Today, Linda DeLibero – Director, Film and Media Studies, Johns Hopkins University – and Christopher Llewellyn Reed (that’s me) – Chair and Professor, Department of Film & Moving Image, Stevenson University – joined Dan Rodricks on his Baltimore Sun podcast, “Roughly Speaking,” where we discussed the lovely and groundbreaking cinematic masterpiece The Best Years of Our Lives, released in 1946 to wide critical and box-office success, eventually winning 7 Academy Awards (plus one special Honorary Award), including Best Picture. Here is the link to the show. Enjoy!
In the past weeks, Hammer to Nail posted a couple of pieces of mine: a review of Woman on Fire, a documentary about the first openly trans firefighter in New York City; and my interview with director Otto Bell, who made The Eagle Huntress, about the first female eagle hunter in Mongolia. Here are the links to each post:
Manchester by the Sea (Kenneth Lonergan, 2016)
Manchester by the Sea is only the third feature film from writer/director Kenneth Lonergan, whose first, You Can Count on Me, released a full 16 years ago, was a near-perfect study of a dysfunctional family that helped launch the career of Mark Ruffalo (and featured a fine performance from Laura Linney, as well). Lonergan ran into serious post-production difficulties (i.e., studio interference) on his sophomore effort, Margaret, which took 8 years, start to finish, to make it to the screen (and with only a limited release, at that). Now, however, he is back with a movie that should, at the very least, regain him some lost momentum; it is certainly on many Oscar-buzz lists, a position that is mostly well-deserved (though allegations of sexual harassment against its star may derail these award chances). And though I may not find it flawless – befitting its profoundly human theme, it’s often messy, for better and for worse – it is nevertheless an extraordinarily moving treatment of an almost unbearable subject, tragic and funny in equal parts. For a film this sad to also offer up genuine laughs is a testament to both Lonergan’s powers as a storyteller and to his extremely talented cast.
Leading the ensemble is Casey Affleck (Out of the Furnace) as Lee Chandler, a man we first meet on a boat somewhere off the coast of Massachusetts, joking with his young nephew while the boy’s father (Lee’s brother, Joe), pilots the craft. It’s a happy, light-hearted moment, in sharp contrast to the Lee we see next, post-title sequence, who works as a handyman in an apartment complex in Quincy (a little over 10 miles south of Boston). Gone is the bluster, replaced by resignation, slumped shoulders and dead eyes. Still, something burns inside of him, as we discover when he goes out at night to a bar, gets drunk, and picks a fight. What has happened to torture him in this way? And what is the chronological relationship of the opening to the present, if present it is? One of the beauties of Lonergan’s presentation of the narrative is how fluidly we travel back and forth in time, gently gathering additional story details that improve our understanding of Lee’s condition, until the big reveal that explains all. Affleck is simply magnificent in the role, alternating between the cocky man he once was and the inchoate zombie he has become, impressive in his behavioral virtuosity.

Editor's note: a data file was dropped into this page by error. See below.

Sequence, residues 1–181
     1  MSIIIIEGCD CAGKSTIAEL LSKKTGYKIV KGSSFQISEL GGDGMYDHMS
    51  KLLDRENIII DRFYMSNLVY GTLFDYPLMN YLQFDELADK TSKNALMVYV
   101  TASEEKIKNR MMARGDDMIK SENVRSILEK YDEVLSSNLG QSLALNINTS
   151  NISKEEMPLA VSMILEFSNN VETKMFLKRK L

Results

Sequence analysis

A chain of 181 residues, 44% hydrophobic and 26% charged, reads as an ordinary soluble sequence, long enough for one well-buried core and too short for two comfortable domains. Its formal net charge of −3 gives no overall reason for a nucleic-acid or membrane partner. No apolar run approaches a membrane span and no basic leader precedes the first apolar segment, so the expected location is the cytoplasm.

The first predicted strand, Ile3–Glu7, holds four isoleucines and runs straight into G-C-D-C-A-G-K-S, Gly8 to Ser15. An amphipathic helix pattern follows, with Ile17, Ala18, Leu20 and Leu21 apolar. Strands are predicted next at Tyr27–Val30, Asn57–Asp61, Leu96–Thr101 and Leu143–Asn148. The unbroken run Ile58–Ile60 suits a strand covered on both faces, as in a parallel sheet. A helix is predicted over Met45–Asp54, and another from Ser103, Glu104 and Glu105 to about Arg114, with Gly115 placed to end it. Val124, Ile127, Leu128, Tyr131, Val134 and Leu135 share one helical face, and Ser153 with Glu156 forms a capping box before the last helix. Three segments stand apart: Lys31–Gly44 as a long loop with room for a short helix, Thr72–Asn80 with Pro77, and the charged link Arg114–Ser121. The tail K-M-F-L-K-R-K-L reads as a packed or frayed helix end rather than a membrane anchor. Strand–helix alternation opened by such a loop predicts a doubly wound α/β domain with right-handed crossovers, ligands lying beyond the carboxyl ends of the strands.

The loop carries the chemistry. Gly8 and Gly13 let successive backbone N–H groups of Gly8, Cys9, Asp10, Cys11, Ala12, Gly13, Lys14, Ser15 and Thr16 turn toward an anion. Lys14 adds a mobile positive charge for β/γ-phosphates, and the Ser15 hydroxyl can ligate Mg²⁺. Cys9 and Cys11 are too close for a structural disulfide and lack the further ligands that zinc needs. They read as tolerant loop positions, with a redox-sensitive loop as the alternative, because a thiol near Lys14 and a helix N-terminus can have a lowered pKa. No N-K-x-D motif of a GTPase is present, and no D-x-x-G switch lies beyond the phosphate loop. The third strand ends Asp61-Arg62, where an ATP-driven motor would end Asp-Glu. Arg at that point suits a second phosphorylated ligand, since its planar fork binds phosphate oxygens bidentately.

Before we uncover the secret at the heart of the tragedy, however, there is an initial misfortune, almost as sad, that drives the plot. That brother from the boat, Joe (Kyle Chandler, The Spectacular Now), collapses from a bad heart, leaving his son, Patrick (now 16), in need of a guardian. His will stipulates that it be Lee (Patrick’s mother, an alcoholic, moved away years earlier), which comes as a surprise to the designee. No further plot spoilers here, but the rest of the film sees Lee struggle to overcome the very real demons of his past while balancing the new, unsought responsibilities of a parent. As his nephew, Lucas Hedges (Kill the Messenger) matches Affleck beat for beat, and it is in their sweet, sometimes antagonistic, rapport, that the movie offers the greatest hope for Lee’s healing. There’s a lot to overcome, however.
Affleck and Hedges are not alone, by far. Michelle Williams (Certain Women), as Lee’s estranged ex-wife, brings her usual deep commitment to the part. There is a scene towards the end of the film, between the former spouses, set on a windy street while Williams’ baby from her second marriage lies in the carriage she pushes, that will break your heart, if it hasn’t been broken already. Beyond specific movies, if one could nominate moments within movies for Oscars, I would choose that one. Chandler, in flashback, is also strong as Joe; both Gretchen Mol (Boardwalk Empire), as Joe’s ex-wife, and Matthew Broderick (The Producers), as her deeply religious new man, liven up their few on-screen bits, as well. Even more so, the film is populated by a rich cast of lesser-known talents who complement the leads in foreground and background, both.